The hearing date is set at the time the landlord files their petition for eviction with the court. The hearing must be held 10-17 days after the petition is served on the tenant.
Either party can request a 14 day adjournment (or otherwise known as a postponement to the court date).
If the tenant fails to appear for the hearing, the judge may make a ruling on the eviction that day.
- Evictions for nonpayment of rent. The tenant must respond to the petition within 10 days. A hearing will be set for 3-8 days after the response is received by the court. If there’s no response, the court may rule for the landlord. However, a tenant can pay rent in full any time prior to a hearing and the eviction will be stopped.
- All other eviction types. If a tenant wants to contest (fight) the hearing, they must bring any documentation to the hearing that’s already scheduled, which is when the tenant can present reasons for why they shouldn’t be evicted, or for why there shouldn’t be a hearing in the first place.
If the judge rules in favor of the landlord, a warrant of eviction will be issued, and the eviction process will continue.
10-17 days. The hearing must be held 10-17 days after the petition is served on the tenant.
Step 4: Warrant of Eviction Is Issued
The Warrant of Eviction is the tenant’s final notice to leave the rental unit and gives them the opportunity to remove their belongings before they are forcibly removed from the rental unit.
If the court has ruled in the landlord’s favor, the landlord will ask the court to issue a warrant. This can be done at the hearing.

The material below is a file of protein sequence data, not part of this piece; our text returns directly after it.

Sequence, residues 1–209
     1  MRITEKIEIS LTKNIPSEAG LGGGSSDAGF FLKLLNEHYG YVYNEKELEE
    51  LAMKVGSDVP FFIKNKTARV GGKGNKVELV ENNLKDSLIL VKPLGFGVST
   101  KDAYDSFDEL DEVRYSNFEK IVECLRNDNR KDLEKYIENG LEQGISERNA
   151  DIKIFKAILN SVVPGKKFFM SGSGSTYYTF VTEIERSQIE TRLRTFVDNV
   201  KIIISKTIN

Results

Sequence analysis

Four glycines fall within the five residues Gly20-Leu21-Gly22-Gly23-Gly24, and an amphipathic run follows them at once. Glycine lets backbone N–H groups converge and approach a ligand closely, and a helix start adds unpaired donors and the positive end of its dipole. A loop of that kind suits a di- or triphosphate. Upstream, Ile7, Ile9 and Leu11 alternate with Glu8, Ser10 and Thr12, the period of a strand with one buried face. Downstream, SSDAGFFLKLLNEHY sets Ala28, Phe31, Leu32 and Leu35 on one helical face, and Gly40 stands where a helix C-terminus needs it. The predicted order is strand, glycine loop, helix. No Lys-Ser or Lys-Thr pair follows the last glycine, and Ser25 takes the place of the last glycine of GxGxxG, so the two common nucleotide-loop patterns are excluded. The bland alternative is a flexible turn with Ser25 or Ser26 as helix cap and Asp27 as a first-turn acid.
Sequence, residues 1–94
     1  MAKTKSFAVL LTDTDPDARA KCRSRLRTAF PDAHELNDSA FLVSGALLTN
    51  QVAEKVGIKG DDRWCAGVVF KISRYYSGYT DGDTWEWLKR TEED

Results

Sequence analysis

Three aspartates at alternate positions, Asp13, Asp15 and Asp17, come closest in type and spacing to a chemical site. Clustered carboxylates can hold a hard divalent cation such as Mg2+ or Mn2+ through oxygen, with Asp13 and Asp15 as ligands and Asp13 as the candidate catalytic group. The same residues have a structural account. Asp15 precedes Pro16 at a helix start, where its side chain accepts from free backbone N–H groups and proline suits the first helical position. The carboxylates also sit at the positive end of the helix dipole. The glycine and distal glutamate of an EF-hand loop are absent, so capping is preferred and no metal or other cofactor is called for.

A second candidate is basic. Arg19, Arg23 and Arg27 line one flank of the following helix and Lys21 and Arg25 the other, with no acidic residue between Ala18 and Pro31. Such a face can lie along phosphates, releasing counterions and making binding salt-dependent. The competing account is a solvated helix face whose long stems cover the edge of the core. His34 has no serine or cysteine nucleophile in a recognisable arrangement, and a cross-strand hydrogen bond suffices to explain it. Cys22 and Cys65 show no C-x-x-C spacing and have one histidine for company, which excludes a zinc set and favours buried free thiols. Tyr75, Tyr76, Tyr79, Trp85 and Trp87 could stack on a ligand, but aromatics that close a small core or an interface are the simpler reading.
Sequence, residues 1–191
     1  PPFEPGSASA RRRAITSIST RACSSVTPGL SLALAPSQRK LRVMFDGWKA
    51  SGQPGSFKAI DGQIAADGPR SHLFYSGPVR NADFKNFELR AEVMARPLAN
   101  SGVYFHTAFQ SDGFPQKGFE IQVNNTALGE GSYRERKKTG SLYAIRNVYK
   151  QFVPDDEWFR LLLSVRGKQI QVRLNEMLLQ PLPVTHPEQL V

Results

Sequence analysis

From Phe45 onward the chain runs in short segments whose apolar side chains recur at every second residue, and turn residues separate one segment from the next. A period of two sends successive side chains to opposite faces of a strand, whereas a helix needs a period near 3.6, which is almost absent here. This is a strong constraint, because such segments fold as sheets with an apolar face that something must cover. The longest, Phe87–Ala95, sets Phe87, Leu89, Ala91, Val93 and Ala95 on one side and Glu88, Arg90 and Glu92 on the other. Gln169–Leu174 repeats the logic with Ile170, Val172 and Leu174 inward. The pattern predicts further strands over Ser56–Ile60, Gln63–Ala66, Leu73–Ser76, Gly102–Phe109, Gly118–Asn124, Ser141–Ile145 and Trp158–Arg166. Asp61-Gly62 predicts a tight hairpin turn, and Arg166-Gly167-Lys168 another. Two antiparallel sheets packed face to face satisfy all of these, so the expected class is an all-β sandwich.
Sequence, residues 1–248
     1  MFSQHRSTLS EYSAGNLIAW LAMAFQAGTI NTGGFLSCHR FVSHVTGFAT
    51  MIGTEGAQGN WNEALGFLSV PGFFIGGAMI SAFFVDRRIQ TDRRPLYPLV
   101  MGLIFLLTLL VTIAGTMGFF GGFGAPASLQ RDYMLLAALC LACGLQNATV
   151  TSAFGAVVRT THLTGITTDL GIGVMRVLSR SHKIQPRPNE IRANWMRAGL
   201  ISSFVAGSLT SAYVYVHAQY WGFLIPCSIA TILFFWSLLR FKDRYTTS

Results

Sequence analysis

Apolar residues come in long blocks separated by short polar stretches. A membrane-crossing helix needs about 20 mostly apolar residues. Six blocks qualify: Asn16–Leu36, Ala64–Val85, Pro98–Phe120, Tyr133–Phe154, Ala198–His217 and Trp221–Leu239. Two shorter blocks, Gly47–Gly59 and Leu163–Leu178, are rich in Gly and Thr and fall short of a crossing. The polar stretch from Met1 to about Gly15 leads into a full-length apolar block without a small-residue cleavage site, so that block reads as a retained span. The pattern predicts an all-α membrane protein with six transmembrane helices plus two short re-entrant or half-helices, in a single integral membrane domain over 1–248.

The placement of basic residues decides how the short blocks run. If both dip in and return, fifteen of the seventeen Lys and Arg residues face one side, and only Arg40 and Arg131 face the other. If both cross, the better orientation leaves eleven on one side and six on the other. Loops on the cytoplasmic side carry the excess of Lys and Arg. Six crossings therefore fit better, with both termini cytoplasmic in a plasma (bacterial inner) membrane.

A few hours to a few days. The landlord must request the warrant of eviction, but it can be issued the same day as the hearing.
Step 5: Possession of Property is Returned
Tenants have 14 days after receiving the Warrant of Eviction to move out before they are forcibly removed from the rental unit by a marshal, sheriff or constable unless the eviction is for nonpayment of rent, in which case the tenant will only have ten days to move out.
If the tenant is being evicted for nonpayment of rent and pays the rent amount in full prior to the end of 14th day, the eviction process will be stopped, and the tenant will be allowed to remain in the rental unit.
There are a few circumstances in which the court may grant a stay of execution, and allow the tenant more time in the rental unit before having to move out (but the tenant will still have to move out once the stay period expires):
- Extreme Hardship – This could include things like “serious ill health,” changing the school a child is enrolled in, and other family hardships a move would cause. The stay can be no longer than one year.
- To Cure a Breach – If the eviction was for violation of the lease; the stay can be no longer than 30 days. If, at the end of the 30-day stay, the breach has been corrected, the tenant may remain in the rental unit and will not be evicted.
14 days. The tenant has 14 days once the warrant of eviction has been issued, unless the judicial officer grants a stay.
New York Eviction Process Timeline
In New York, an eviction can be completed in 1 to 5 months but can take longer depending on the reason for eviction, whether the eviction is contested, which days courts are (or aren’t) in session and other various possible delays.
Below are the parts of the New York eviction process outside the control of landlords for cases that go uncontested.
|Initial Notice Period||14-90 Calendar Days|
|Court Issuing/Serving Summons||10-17 Business Days|
|Tenant Response Period||~10 Business Days|
|Court Ruling||10-17 Business Days|
|Court Serving Warrant of Eviction||1-3 Business Days|
|Final Notice Period||~14 Days|
Flowchart of New York Eviction Process
- 1 NY Real Prop Actions L §711 (2019)
- 2 NY Real Prop L § 235-e. (2019)
- 3 NY Real Prop L §226-c (2019)
- 4 NY Real Prop L §231 (2019)
- 5 NY Real Prop Actions L §711 (2019)
- 6 N.Y. Real Prop. Acts. Law §§ 768 (2019)
- 7 NY Real Prop L § 223-B (2021)
- 8 NY Real Prop Actions L §733 (2019)
- 9 NY Real Prop Actions L §735 (2019)
- 10 NY Real Prop Actions L §745 (2019)
- 11 NY Real Prop Actions L §749 (2019)
- 12 NY Real Prop Actions L §753 (2019)
- 13 NY Real Prop Actions L §753 (2019)